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Pacquiao 'not sorry' for drug use

Philippine boxing legend Manny Pacquiao insisted he owed his fans and countrymen no apology after admitting to having used illegal drugs.

Pacquiao, a national hero and elected senator, is a high-profile endorser of President Rodrigo Duterte's brutal war on crime that has left more than 3,000 people dead.

But the 37-year-old shocked the sporting galaxy this week when he admitted in an interview he had used narcotics in his youth.

"I'm not hiding the fact that I sampled those, but I was young, maybe 15 or 16 years old," he told reporters Friday as he trained for a November 5 Las Vegas fight against World Boxing Organization welterweight champion Jessie Vargas.

"I used marijuana, I used shabu," he said, elaborating on the time period and the nature of his drug use.

"Shabu" is the local name for the cheap and highly addictive crystal meth stimulant that Duterte says is the drug of choice of the majority of up to 3.7 million Filipino drug dependents.

Pacquiao, who was elected to the Senate in May, is one of the most prominent backers of Duterte's anti-drug crackdown, which has drawn global condemnation for alleged extrajudicial killings.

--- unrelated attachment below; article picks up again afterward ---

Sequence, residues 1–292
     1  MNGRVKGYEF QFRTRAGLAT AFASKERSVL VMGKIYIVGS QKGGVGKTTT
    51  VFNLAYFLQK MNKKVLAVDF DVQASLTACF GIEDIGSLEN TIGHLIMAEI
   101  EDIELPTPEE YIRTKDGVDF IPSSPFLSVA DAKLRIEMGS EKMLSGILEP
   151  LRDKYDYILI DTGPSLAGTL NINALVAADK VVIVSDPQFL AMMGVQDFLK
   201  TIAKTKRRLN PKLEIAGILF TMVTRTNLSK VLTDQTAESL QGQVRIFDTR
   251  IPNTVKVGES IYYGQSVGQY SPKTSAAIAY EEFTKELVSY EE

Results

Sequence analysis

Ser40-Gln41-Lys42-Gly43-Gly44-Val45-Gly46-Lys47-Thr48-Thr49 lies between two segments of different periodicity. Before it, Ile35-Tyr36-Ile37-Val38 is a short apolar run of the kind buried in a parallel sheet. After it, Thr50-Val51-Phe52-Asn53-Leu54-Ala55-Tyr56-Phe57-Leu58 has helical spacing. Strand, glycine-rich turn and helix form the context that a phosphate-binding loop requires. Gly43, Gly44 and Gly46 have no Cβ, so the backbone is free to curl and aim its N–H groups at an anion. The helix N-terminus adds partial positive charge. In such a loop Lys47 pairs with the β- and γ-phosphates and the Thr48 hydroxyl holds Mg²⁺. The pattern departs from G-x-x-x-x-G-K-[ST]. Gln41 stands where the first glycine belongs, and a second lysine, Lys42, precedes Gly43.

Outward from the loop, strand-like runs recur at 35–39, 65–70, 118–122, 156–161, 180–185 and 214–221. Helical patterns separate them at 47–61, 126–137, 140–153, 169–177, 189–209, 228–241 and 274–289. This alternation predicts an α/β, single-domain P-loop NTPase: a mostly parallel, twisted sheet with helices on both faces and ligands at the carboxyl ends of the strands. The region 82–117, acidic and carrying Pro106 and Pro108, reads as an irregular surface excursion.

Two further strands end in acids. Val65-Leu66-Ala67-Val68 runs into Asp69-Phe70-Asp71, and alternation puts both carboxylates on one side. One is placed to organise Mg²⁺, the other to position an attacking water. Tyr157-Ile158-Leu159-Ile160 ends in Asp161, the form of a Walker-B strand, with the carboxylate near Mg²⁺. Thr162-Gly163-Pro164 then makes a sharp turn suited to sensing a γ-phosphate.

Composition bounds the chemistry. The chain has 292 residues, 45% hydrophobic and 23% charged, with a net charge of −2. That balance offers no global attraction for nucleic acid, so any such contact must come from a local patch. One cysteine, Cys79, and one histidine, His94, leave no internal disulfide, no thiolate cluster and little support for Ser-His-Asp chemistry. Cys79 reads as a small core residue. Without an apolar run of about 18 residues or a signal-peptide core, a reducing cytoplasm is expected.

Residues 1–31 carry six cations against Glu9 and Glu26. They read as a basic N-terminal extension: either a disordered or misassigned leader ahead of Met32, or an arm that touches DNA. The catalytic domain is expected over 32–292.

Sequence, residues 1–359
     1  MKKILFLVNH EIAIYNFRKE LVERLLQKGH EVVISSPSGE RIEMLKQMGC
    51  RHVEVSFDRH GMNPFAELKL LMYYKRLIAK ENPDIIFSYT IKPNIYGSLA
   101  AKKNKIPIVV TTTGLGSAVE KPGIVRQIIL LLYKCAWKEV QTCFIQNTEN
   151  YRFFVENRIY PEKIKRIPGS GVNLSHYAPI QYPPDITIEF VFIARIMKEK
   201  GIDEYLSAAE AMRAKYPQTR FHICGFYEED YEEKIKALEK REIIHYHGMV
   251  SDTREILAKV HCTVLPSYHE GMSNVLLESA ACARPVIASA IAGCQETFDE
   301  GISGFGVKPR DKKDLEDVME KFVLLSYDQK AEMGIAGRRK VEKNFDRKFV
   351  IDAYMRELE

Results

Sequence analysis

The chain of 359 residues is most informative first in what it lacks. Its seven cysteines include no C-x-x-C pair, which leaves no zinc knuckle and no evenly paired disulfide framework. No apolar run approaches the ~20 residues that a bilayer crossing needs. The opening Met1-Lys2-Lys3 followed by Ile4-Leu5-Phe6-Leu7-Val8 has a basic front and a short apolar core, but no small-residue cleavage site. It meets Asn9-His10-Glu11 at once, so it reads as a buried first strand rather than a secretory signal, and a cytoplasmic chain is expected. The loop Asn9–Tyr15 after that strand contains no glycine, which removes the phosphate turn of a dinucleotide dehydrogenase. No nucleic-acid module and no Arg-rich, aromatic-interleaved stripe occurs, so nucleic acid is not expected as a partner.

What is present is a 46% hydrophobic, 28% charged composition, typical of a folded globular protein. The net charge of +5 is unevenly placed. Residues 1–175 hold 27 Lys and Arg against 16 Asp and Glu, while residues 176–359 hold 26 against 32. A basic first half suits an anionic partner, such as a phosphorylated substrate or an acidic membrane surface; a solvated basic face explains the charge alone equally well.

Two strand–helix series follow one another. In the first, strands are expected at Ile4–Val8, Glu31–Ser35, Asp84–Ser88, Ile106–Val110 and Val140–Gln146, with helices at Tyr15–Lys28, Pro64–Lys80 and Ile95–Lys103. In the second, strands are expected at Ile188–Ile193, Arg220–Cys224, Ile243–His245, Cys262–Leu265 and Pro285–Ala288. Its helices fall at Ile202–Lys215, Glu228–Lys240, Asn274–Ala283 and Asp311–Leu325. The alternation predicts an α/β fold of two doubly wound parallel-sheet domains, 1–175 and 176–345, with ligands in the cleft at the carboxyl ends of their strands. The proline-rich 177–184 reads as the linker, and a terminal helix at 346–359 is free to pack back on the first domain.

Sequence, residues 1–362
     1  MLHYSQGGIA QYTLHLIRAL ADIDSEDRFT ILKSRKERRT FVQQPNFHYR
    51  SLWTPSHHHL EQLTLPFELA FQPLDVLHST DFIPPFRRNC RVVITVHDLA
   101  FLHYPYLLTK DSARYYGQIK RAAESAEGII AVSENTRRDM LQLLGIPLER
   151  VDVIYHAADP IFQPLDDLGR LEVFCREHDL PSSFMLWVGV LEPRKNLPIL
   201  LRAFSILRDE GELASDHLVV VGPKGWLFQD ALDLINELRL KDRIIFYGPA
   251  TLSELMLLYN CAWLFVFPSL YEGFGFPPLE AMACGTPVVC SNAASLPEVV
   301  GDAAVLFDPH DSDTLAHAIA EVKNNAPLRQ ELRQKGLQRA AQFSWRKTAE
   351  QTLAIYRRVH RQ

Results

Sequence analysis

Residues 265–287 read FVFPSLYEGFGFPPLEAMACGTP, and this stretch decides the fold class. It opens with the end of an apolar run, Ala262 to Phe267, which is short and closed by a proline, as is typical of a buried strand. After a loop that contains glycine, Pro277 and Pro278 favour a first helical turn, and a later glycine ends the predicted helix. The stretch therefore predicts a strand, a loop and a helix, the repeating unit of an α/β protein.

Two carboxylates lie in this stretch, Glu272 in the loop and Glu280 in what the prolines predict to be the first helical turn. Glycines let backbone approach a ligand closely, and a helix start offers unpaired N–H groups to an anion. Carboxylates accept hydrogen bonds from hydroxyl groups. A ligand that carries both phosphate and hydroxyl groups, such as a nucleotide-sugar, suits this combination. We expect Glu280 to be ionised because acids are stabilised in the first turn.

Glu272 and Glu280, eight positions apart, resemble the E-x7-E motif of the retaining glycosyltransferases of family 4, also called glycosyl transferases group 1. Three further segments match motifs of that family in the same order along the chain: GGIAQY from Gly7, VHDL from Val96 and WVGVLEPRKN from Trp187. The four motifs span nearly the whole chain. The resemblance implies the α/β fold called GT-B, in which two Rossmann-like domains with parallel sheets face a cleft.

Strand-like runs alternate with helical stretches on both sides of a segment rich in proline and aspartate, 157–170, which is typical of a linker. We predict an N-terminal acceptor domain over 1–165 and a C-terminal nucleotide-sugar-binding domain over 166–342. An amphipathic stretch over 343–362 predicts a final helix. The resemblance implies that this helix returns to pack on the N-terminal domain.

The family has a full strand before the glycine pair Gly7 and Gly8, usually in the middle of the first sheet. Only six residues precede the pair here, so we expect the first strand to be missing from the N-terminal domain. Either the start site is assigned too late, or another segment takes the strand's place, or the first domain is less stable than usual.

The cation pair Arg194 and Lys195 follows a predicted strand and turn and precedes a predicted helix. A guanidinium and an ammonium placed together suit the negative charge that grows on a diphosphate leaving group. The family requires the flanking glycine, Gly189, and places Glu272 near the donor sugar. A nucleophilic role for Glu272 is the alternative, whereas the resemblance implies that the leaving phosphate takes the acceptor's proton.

He also supports Duterte's call to restore the death penalty for drug traffickers in the mainly Catholic nation. 

- 'I was not addicted' - 

The grade-school dropout ran away from home in his youth and took up boxing to escape poverty, turning professional at 17 on his way to winning an unprecedented eight world titles in different weight classes.

Pacquiao said he did not need to apologise for his previous drug use.

"Why should I say sorry to them? I did nothing wrong," he said.

"Also, I was not addicted. I just experienced it," he said when asked if he became drug dependent.

Pacquiao said his experience should inspire Filipino drug users who wanted to avoid getting arrested or killed in the crackdown.

A convert to a conservative Christian sect, Pacquiao said he used sheer willpower and turned to sports to wean himself away from substance abuse.

"Everyone knows that I drank, I gambled and had many women, but realised these were all sins so I stopped. I'm sure what I did for myself was an inspiration to all."

"It's up to the person if he really wants to have a fresh start."

He added: "God gave all of us a brain to discipline ourselves."

Pacquiao also likened Duterte's crackdown to a parent's tough love to his children.

"When you discipline your children it really hurts at first, but it has to be done in order to instill discipline."

"People are used to doing whatever it is that they want to do, even if it's against the law. But now you can't do that in this administration."

"Let us all help our president instead of putting all the responsibility (on him). Change should come from within because the president will not be able to change you," he added.

Asked to give advice to those wanting to kick their drug habit, Pacquiao said they should engage in physical activity.

"One proven strategy to avoid (drugs) is to make yourself busy through exercise."

Topics: Philippines , Pacquiao , Boxing , Duterte , crime , rights , drugs
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